Wednesday, 22 May 2013

Some Good News

It seems that in the age of gay marriage, European indecision, and a feeling of a lack of confidence in government, that there are very few things worth reporting about that can be regarded as good news. We gaze back at the time before 2008 with rose tinted glasses, moaning how the only good thing that has happened since was the Olympics, and that only lasted a few weeks.

However, the government has actually done something worth mentioning, and should be applauded for it. The nation has not exactly reacted with celebrations and bunting, but is at least one thing that we can look back on in the future and declare a success.

They have decided to grant visas to interpreters who worked for British forces in Afghanistan.

This may not seem like a big issue, and one that is really only a quirk of administration anyway, but it solves a problem that has been angering quite a few people for a while now, and provides resolution to a lot of families that we living in fear of their lives.

Before this decision, interpreters were told that when the British Army chose to leave they would remain, and that they would be given no more recognition that any other immigrant if they chose to come to Britain. Their service to Britain was seen as just another job, and one that did not warrant the ability to live in the country that many had died for.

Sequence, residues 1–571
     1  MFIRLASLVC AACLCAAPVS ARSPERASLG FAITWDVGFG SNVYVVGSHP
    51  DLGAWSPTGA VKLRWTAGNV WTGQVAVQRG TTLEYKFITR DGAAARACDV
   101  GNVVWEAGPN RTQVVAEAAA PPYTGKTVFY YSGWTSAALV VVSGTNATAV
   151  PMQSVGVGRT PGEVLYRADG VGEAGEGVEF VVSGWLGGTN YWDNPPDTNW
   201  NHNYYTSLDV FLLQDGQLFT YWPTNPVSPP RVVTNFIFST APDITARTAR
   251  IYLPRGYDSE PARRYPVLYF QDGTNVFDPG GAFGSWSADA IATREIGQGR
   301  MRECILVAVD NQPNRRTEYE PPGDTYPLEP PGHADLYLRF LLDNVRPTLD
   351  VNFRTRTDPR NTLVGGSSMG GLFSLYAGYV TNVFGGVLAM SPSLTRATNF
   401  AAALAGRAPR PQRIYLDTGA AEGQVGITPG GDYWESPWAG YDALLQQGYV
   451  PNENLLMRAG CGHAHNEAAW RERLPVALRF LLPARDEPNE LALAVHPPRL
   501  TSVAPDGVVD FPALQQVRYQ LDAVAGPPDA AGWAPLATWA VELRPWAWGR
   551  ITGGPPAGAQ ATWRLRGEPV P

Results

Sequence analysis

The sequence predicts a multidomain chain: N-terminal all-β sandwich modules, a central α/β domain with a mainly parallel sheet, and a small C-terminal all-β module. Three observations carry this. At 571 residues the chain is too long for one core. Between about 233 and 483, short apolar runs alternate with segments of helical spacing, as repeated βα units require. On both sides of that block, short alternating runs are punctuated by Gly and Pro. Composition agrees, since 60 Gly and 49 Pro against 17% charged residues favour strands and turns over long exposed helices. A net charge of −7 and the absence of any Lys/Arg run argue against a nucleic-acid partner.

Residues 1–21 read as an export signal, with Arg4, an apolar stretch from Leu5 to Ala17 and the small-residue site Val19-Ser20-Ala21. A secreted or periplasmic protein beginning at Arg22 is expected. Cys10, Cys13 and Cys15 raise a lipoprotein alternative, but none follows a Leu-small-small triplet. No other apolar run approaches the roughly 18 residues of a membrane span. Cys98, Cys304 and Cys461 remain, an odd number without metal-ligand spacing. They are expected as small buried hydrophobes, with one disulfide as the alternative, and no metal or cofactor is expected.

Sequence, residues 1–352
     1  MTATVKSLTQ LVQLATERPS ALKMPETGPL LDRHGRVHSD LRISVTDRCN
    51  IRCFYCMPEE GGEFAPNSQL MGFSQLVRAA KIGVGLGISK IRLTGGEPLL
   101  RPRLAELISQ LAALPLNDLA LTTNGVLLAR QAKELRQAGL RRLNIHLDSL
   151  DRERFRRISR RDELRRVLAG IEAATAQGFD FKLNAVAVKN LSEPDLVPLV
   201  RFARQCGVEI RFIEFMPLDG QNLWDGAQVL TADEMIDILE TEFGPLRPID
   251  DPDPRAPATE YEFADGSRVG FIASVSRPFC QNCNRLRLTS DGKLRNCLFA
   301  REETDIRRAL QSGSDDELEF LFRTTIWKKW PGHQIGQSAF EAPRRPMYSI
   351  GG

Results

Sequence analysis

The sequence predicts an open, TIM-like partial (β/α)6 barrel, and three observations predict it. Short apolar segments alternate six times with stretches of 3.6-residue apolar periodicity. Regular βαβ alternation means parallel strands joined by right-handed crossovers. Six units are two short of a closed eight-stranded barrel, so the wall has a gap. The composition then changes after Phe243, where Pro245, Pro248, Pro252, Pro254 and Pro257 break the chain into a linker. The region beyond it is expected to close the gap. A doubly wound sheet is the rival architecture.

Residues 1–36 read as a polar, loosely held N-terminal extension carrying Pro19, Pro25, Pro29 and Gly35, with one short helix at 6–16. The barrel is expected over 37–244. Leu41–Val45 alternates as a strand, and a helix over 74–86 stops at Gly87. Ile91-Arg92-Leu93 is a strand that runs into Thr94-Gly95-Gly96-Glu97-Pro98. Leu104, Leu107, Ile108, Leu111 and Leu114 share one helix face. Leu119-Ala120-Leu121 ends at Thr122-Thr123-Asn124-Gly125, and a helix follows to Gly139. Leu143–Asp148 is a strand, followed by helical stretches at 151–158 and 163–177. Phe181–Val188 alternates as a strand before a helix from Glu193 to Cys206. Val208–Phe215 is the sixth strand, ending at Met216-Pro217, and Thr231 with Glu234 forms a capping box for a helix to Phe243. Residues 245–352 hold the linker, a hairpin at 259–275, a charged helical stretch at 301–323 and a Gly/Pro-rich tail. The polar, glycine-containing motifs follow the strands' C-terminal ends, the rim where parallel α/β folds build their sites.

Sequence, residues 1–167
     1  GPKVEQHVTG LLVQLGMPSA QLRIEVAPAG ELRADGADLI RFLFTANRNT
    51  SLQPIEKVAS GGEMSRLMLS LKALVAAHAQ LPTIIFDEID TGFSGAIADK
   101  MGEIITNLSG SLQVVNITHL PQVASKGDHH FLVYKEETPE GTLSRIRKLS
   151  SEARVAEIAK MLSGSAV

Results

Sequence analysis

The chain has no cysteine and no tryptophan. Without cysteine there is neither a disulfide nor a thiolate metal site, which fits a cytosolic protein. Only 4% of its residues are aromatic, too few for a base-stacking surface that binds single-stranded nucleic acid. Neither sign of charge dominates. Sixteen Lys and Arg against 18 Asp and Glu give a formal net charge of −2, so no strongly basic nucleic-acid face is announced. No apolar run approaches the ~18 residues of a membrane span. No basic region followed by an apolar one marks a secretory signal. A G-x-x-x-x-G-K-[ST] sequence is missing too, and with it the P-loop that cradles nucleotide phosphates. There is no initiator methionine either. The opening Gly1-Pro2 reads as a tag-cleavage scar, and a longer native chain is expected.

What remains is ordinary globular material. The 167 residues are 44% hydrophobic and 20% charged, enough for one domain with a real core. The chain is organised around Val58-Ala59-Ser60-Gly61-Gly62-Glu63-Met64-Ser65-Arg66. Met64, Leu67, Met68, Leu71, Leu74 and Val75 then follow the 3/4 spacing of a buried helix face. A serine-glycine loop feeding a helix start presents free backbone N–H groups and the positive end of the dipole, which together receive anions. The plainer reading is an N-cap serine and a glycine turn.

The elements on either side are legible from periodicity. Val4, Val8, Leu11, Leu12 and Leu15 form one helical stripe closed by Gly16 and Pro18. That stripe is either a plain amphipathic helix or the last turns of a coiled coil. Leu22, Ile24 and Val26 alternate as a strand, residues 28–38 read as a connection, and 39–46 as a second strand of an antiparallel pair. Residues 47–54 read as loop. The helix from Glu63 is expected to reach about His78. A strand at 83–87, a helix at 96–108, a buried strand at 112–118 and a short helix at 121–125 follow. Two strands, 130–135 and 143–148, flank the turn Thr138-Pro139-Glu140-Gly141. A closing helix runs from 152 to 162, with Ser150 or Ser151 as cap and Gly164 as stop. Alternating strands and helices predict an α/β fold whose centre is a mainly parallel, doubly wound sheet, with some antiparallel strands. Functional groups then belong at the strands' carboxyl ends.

Interpreters were seen as collaborators with occupation forces by many within the country, and, since they were unceremoniously discarded, they have been subject to abuse or even murder. The fact that they had served alongside British troops, and undoubtedly chosen to save the lives of our citizens, was something that was discarded along with the men themselves.

This is despite Iraqi interpreters being allowed to settle in Britain, which is especially strange when the countries of Afghanistan and Iraq are ingrained in parallel in the minds of the British people. These wars were fought at the same time, and a whole generation grew up hearing of the two nations that British soldiers were fighting in. Yet, when the time came to leave, it was decided that Afghan interpreters hadn’t the same rights as Iraqi ones.

The system just seemed a bit odd.

So, the decision to finally allow these interpreters the right to stay in our country is something that should be applauded. The government, despite not knowing how to do much else, has actually made a decision that is worth talking about, and worth remembering. It is a decision that has a real effect on the lives of people who really needed for this to happen.

It is one of the few good things that you could say this government has decided to do.

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